## Real-world problems

The problem explained above is simplified a *lot* from the kind you'd see in the wild.

The first - obvious - simplification is that the problems given here are all 1D, when the typical problem of interest is 2D or 3D. The same ideas work just as well in higher dimensions however, and it's possible to design code that handles problems of any dimension.

Next, the sources here all make the same strength contribution. In the wild, each source usually has a differing mass or charge or infectiousness. This is easy enough to handle: rather than counting the sources when you gather the sources to the middle of a group, you sum them instead.

Finally, the sources and points in the problem above are evenly distributed. Each group at the bottom has roughly the same number of sources and points in. In the real world this isn't usually the case. The fix is to replace the 'full' binary tree shown above with an 'adaptive' binary tree that splits further in regions of higher density. This introduces a fairly substantial amount of complexity.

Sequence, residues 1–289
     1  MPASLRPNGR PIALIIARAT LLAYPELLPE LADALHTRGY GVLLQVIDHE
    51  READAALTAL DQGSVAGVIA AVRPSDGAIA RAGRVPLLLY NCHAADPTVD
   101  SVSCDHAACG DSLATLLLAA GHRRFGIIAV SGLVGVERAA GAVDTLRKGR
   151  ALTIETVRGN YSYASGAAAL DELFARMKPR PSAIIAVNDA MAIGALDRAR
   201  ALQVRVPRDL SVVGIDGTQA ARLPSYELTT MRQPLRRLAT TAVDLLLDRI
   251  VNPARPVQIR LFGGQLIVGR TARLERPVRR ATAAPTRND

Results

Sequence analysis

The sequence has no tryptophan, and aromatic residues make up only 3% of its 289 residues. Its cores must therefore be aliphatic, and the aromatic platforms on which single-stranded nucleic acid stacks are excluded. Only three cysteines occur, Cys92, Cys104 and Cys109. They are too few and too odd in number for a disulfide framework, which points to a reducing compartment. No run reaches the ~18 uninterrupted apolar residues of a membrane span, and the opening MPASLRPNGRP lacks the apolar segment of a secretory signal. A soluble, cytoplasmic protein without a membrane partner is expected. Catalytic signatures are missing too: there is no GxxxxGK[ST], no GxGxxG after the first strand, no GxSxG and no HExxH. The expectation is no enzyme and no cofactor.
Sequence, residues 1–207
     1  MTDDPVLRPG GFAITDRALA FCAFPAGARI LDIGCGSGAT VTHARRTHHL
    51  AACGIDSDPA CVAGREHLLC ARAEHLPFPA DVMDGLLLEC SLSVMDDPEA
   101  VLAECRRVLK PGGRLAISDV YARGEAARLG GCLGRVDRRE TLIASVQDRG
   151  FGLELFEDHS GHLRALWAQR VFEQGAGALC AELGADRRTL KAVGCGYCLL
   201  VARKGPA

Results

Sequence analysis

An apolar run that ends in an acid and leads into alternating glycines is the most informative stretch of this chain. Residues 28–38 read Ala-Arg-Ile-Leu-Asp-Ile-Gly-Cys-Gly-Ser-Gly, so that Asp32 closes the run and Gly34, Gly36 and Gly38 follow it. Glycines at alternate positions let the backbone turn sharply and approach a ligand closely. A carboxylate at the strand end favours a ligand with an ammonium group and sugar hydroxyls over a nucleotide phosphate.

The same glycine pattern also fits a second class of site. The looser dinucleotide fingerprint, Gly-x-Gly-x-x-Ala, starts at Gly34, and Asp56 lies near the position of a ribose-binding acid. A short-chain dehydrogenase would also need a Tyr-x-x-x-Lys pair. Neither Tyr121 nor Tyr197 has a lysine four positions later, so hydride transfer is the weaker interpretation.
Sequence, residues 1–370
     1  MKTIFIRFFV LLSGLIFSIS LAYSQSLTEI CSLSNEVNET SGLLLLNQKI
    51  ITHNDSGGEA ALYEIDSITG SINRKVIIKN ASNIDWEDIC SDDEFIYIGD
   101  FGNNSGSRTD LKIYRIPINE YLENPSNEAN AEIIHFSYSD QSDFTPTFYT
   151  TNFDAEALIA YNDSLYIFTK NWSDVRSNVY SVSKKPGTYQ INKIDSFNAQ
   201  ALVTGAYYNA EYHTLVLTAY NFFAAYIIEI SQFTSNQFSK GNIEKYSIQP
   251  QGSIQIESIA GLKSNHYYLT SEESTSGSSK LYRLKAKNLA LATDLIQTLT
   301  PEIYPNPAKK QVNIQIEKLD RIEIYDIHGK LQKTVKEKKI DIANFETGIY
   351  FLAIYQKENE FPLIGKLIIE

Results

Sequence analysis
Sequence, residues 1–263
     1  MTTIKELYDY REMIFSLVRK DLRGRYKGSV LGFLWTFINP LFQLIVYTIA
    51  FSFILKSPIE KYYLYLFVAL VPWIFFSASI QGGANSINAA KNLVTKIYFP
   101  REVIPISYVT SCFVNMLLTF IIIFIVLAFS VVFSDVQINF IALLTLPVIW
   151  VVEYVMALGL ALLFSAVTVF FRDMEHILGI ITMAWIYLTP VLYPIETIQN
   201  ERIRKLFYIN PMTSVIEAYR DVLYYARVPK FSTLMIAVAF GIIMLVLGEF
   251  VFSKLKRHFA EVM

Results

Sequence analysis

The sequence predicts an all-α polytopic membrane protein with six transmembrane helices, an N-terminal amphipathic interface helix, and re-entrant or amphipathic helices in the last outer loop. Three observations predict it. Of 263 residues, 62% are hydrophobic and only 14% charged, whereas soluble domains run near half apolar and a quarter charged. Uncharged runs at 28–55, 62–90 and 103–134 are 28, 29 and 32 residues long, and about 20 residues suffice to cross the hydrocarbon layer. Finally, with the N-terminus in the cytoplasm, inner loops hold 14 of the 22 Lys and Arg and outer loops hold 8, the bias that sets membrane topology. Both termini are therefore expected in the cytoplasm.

In its full generality, the recursive approximation algorithm will accelerate any problem that involves measuring the summed influence of many sources at many points. The only restrictions are that each source's field needs to be the same 'shape', differing only in scale, and the field shape needs to be 'nice' in some reasonable ways.

## Real-world approximations

In the algorithm described above, the approximation used is the simplest possible: it's a constant across the group, and the constant is the field strength at the center of the group. This has the advantage of being easy to explain, and frankly for many purposes it'll do just fine. Some toy experiments using a constant approximation gave me an MSE of about .1%. But if you want higher accuracy than that, either you need to widen the neighbourhood you consider 'near' so more source-point pairs get their contributions calculated exactly, or you need a better approximation.

When the algorithm was first developed for physics simulations in the 1980s, the approximation of choice was a Laurent series. It makes for a really good approximation, but requires a fair bit of hand-rolled maths catered to exactly the field you're looking at. This is where the name 'multipole method' comes from, as Laurent series are defined around 'poles' where the approximation becomes infinite. Each group has it's own 'pole', and hence, multipole!